Saloon

Belly up, cool down, repeat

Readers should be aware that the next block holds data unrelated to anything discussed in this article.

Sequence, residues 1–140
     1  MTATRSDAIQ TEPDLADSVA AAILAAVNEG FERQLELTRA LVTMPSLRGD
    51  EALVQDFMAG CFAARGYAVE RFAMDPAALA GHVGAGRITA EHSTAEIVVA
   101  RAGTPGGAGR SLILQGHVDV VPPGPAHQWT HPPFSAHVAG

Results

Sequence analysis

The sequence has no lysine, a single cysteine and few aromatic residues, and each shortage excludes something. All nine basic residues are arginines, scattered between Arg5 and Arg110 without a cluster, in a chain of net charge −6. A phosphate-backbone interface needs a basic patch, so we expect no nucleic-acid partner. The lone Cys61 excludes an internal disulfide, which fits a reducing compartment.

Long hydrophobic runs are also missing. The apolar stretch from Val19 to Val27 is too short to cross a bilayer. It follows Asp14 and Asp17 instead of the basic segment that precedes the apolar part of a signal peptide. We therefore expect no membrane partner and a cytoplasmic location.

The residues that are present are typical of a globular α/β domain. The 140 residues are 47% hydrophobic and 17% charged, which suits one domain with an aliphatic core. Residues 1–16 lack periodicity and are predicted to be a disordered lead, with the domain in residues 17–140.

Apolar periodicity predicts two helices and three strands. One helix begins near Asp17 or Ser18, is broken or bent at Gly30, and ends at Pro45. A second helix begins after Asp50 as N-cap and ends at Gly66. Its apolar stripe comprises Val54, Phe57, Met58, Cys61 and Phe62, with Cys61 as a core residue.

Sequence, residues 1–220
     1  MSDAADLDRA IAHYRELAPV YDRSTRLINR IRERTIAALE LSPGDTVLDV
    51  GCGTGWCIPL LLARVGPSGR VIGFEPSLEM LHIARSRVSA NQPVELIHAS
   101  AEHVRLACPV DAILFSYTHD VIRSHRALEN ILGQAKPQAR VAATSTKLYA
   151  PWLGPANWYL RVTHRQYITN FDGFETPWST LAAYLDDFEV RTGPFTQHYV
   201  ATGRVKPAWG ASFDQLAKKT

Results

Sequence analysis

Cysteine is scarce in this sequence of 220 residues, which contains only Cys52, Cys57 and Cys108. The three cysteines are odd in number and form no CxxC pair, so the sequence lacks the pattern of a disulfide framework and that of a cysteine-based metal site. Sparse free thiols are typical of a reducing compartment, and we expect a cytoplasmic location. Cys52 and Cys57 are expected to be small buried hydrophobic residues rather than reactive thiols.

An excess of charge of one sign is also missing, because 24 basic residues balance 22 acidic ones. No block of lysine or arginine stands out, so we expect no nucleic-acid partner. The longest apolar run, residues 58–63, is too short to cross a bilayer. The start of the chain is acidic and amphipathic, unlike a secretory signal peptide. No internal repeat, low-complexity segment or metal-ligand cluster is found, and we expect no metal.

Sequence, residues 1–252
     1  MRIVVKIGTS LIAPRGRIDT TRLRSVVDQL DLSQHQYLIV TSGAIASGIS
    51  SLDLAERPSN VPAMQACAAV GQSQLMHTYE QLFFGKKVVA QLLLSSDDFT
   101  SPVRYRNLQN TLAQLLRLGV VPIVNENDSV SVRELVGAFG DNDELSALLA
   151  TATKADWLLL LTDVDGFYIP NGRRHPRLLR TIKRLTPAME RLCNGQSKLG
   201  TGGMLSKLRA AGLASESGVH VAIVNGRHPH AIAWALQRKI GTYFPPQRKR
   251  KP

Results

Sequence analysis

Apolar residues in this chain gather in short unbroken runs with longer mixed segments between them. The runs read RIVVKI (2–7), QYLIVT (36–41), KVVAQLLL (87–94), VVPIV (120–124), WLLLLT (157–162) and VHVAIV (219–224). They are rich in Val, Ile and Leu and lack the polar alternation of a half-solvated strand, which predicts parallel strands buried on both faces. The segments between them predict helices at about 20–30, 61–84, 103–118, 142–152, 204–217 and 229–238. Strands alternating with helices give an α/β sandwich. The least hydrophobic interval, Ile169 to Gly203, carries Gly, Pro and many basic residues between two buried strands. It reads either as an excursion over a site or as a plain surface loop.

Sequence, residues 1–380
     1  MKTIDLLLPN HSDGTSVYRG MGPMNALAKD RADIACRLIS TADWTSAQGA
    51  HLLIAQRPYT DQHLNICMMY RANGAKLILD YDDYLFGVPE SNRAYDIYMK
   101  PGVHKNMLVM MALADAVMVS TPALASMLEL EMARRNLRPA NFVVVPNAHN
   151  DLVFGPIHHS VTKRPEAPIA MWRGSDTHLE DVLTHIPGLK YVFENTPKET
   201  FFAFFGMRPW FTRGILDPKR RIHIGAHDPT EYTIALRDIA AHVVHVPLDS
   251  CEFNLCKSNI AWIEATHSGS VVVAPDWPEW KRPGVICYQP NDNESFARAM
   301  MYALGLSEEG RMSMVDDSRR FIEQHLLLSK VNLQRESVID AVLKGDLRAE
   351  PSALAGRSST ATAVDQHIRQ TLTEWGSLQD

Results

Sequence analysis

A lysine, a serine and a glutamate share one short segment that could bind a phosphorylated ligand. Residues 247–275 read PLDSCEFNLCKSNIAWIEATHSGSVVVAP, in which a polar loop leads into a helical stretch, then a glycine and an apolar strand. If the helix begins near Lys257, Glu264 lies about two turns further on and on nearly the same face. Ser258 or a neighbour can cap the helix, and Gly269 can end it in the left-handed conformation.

Betty At Betty, my tablemate and I had some questions. Dumb questions. Like, um, what's puttanesca again? But our matter-of-fact waiter was happy to explain, and did so with the same bemused efficiency with which he attended to us throughout the meal. Betty's definitely a step up from family-casual, but it also manages to be comfortable and easy, like a favorite watering hole where dress is on the high side. Its relaxed attitude is real, and not that studied form of passive-aggression prevalent in some of this city's newer foodie meccas. The open kitchen, and bar seating from which to watch, gives the room a lively vibe without turning the food prep into theater. And the cooks prep it well: Standards like steak frites, roast chicken with mashed potatoes, and rhubarb pie hit the sweet spot—expertly done enough to make you feel like eating out was worth it, but not gussied up to haute cuisine. The prices are perhaps on the high side, too, but, hey, that's the neighborhood. The last true saloon vacated the top of Queen Anne Hill about a century ago (if one was ever there at all) and Betty fills in admirably. MARK D. FEFERServes: dinner. 1507 Queen Anne Ave. N., 352-3773. QUEEN ANNE $$www.eatatbetty.com Maekawa Bar In Japan, an izakaya typically hosts a boisterous after-work crowd of businessmen and underage students. The smell of cigarette smoke and beer wafts heavily through the air, since drinking is mandatory in a country with such efficient public transportation. Because Seattleites like cars and dislike indoor smoking, Maekawa falls short on authentic atmosphere, but that's hardly a reason to stay clear. As you would expect from an establishment located a floor above gamer haven Pink Godzilla, Maekawa is brazenly casual. Here you won't find sushi but easy fare like tonkatsu, udon, and tempura. Drunk staples like takoyaki (octopus fritters) are served with bonito shavings still writhing as they sink into the gooey dough; fish cakes arrive blanketed in bubbling cheese; and the food is more likely to come with a hefty dollop of mayonnaise than with a bizarre garnish. If you sense a slight burnt taste, glance over at the kitchen and you'll realize the cook is also a rock star in training, preoccupied with singing along to J-pop as he mans the grill. Who's going to complain when he looks so damn happy? ERIKA HOBARTServes: dinner. 601 S. King St., Suite 206, 622-0634. INTERNATIONAL DISTRICT $ The Marco Polo "Free ice cream" is not a marquee phrase normally employed by drinking establishments to reel in customers. And at the Marco Polo, a workaday saloon on the western fringe of Georgetown, it's a bit of a misnomer: The free ice cream comes not in a large bowl with chocolate syrup oozing over the rim but in a small Dixie cup. Still, it's free—and ice cream isn't the reason why you should visit the Marco Polo anyway, the way-above-par-for-a-bar food is. Unequivocally a blue-collar establishment, the Marco Polo serves incredibly tasty fried chicken, but is hardly a one-hit wonder. The chili is homemade, and the chili-cheese fries are, in turn, delicious, if not easy on the arteries. That goes double for the pepperoni grinder, which is like eating a pizza sandwich, only with herb mayonnaise, a French roll, and lettuce instead of tomato sauce, crust, and excess grease. MIKE SEELYServes: lunch, dinner. 5613 Fourth Ave. S., 762-3965. GEORGETOWN $ The Pub at Third Place Situated in a woody cellar beneath Ravenna Third Place Books and the Honey Bear Cafe, this is the kind of pub where nursing a brew with a book at the bar hardly seems antisocial. Indeed, on a recent visit—when the volume on ESPN had been hushed in favor of selections from Lilith Fair—it seemed almost the norm, like a friendly gathering of librarians. This relatively new addition to the 65th Street strip has a strong neighborhood feel, as if most patrons walked over in their Crocs, Birks, and Tevas. The "Tyler's turkey" sandwich is excellent, and the spinach feta salad, with a nice punch of bacon, is not drowned in its Dijon balsamic dressing. Board games and shelves full of old books invite you to dawdle; service is unhurried in the long narrow room, where no one seems to be checking their BlackBerry. The vintage logging photos and split-wood tables also harken back to bygone days when trees were used to frame houses, not pulped to make books. BRIAN MILLERServes: late lunch, dinner. 6504 20th Ave. N.E., 523-0217. RAVENNAwww.3rdplacepub.com Quinn's Pub It hasn't even been around a year, but Quinn's has already become the kind of neighborhood watering hole that's easy to make a habit of. That's because it serves great food—London meets Wild West—which finicky Capitol Hill has embraced with a warmness not typical of these parts. And why not? Quinn's is just the place to hang out, sample a few European microbrews, and eat a dish or two. I've come to crave the braised meatball sliders, the gnocchi with braised oxtail and a cube of crispy marrow, and my personal favorite, the seared tuna served over white beans and topped with sautéed chanterelles and foie gras gravy. No, this is not a place to eat light, but there are a couple of tasty salads if you're in need of some green. There's often a wait, so order a Newcastle, grab a stool along one of Quinn's massive floor-to-ceiling windows, and watch the urban cowboys wander 'round. AIMEE CURLServes: lunch, dinner. 1001 E. Pike St., 325-7711. CAPITOL HILL $$www.quinnspubseattle.com 74th Street Ale House You can be forgiven for calling the 74th Street Ale House a restaurant. But when I think restaurant, I imagine the food as the main attraction. At a watering hole like this, the beverages take top honors. Think your favorite bar, but with a killer kitchen. The roster of brews ranges from predictable locals like Manny's and Mac & Jack's to regional killers like Boundary Bay's Scotch Ale. If you're ambitious enough to make your way this far north for a thirst-quencher, you're treated to several reasons to stay put for a few rounds. There's the Reuben for dinner, the Greek plate for sharing, and the order of cashews to temper the palate, so to speak. CHRIS KORNELISServes: lunch, dinner. 7401 Greenwood Ave. N., 784-2955. PHINNEY RIDGE $$www.seattlealehouses.com/74th